When I started working at The Swedish Solution 30 years ago, every car I worked on had continuous fuel injection (CIS). Incoming air would lift a plate, allowing the fuel head plunger in the fuel distributor head to drop, and all four injectors would continuously spray fuel. The coolant temp sensor operated only the temperature gauge. The fuel pressure regulator, which we called a warm-up regulator, gave the engine a little more gas when the engine was cold. It was a fairly simple system. We saw very few California emissions cars with EGR systems, but even those never had the issue of carbon deposits on intake valves due to the continuous fuel bath they received. Running pressures were usually around 2.5 to 3.5 bars.
In 1985, Saab began using the new Bosch LH fuel injection system, and Volvo and other carmakers followed suit. The system worked such that incoming air passed through an airflow meter that sent a signal to the engine ECU telling it how much air was going into the engine. The coolant temp sensor then told the ECU how cold or warm the engine was, and it opened and closed the injectors when needed.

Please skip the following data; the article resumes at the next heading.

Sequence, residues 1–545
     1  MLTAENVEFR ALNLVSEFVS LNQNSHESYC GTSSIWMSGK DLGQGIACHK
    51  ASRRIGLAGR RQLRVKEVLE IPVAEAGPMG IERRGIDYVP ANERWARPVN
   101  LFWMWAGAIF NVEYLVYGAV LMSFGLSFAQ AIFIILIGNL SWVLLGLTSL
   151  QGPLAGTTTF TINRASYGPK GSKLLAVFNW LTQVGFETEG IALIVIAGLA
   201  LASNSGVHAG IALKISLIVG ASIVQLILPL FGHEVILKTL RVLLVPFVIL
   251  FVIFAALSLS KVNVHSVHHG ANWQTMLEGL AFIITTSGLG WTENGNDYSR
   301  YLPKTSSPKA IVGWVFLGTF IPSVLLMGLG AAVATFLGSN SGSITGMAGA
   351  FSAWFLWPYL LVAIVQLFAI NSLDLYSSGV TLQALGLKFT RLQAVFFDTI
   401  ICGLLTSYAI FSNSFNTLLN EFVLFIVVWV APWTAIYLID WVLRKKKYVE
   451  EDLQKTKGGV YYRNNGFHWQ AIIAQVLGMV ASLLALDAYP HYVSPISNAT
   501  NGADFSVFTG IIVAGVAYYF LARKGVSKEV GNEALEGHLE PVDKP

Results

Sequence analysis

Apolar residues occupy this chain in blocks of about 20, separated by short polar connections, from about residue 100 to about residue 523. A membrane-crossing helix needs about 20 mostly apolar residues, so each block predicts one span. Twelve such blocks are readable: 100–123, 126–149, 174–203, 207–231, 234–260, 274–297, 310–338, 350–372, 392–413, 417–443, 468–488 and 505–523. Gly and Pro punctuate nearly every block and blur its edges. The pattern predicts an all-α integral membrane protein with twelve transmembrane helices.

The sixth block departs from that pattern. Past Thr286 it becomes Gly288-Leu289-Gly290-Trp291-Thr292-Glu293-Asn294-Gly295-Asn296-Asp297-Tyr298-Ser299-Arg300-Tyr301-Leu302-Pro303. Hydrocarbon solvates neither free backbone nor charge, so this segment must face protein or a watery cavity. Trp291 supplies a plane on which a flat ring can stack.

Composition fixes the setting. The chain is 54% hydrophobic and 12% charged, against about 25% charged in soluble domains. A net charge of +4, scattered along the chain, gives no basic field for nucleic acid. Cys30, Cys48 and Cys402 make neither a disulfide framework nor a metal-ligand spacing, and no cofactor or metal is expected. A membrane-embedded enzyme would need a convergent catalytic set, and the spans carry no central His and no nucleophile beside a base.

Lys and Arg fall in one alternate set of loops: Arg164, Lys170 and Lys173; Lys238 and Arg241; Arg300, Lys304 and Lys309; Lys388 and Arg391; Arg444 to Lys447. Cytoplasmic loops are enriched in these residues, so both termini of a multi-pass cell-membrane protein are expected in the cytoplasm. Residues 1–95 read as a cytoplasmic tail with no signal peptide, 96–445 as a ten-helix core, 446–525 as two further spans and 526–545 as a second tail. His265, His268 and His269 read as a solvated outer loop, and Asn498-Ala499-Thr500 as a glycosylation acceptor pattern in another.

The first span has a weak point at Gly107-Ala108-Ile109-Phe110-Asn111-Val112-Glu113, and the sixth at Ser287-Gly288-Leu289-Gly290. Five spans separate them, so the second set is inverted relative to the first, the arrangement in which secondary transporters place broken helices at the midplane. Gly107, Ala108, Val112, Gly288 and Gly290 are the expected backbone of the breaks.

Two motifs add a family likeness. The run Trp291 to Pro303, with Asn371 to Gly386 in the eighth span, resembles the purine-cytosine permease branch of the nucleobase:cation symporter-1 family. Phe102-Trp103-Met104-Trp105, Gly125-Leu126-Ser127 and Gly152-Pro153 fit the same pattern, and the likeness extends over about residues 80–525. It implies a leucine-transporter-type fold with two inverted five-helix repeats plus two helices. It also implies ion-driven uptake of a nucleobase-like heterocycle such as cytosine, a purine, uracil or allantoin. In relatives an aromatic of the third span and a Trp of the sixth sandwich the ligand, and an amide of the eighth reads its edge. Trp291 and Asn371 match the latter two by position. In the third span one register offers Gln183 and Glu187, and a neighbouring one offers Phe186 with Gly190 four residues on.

The fuel pressure regulator kept the pressure around 3 bar and, with a drop in vacuum, the fuel pressure would rise half a bar to give the car a little extra fuel when accelerating. Through the years, injection systems incorporated more sensors such as air temperature, EGR temperature and exhaust gas temperature, and the emissions systems monitor how efficiently everything is working. These systems didn’t change a whole lot until around 2006.
While these fuel injection systems worked well, we did see carbon deposits build up on the intake valves — a condition that could cause some poor cold starting. To combat the carbon deposits, we bought a walnut blaster so we could remove the intake manifold and blast the deposits away with walnut shells. Those cars gradually disappeared, and it was about seven years ago when I put the walnut blaster into the storage shed thinking I would never have to use it again.